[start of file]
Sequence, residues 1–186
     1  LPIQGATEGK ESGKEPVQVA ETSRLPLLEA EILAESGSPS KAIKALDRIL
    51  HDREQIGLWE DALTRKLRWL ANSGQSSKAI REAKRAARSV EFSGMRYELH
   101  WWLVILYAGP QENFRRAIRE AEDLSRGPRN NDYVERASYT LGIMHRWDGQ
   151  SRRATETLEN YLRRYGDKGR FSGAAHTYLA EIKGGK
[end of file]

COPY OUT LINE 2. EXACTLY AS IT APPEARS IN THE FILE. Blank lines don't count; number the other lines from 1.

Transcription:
     1  LPIQGATEGK ESGKEPVQVA ETSRLPLLEA EILAESGSPS KAIKALDRIL